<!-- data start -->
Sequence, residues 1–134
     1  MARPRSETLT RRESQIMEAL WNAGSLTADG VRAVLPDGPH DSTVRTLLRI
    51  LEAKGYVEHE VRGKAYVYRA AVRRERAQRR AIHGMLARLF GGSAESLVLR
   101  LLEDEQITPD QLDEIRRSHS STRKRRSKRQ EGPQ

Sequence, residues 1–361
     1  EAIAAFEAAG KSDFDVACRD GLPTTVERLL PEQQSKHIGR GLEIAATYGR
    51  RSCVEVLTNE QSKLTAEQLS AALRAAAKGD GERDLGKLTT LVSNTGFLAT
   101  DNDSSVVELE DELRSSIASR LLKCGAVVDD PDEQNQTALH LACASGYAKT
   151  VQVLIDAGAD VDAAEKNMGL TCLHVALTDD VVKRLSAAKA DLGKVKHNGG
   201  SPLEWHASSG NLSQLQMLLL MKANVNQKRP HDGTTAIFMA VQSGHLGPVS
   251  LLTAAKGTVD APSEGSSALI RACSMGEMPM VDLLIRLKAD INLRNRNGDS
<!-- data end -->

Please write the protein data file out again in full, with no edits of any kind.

Sequence, residues 1–134
     1  MARPRSETLT RRESQIMEAL WNAGSLTADG VRAVLPDGPH DSTVRTLLRI
    51  LEAKGYVEHE VRGKAYVYRA AVRRERAQRR AIHGMLARLF GGSAESLVLR
   101  LLEDEQITPD QLDEIRRSHS STRKRRSKRQ EGPQ

Sequence, residues 1–361
     1  EAIAAFEAAG KSDFDVACRD GLPTTVERLL PEQQSKHIGR GLEIAATYGR
    51  RSCVEVLTNE QSKLTAEQLS AALRAAAKGD GERDLGKLTT LVSNTGFLAT
   101  DNDSSVVELE DELRSSIASR LLKCGAVVDD PDEQNQTALH LACASGYAKT
   151  VQVLIDAGAD VDAAEKNMGL TCLHVALTDD VVKRLSAAKA DLGKVKHNGG
   201  SPLEWHASSG NLSQLQMLLL MKANVNQKRP HDGTTAIFMA VQSGHLGPVS
   251  LLTAAKGTVD APSEGSSALI RACSMGEMPM VDLLIRLKAD INLRNRNGDS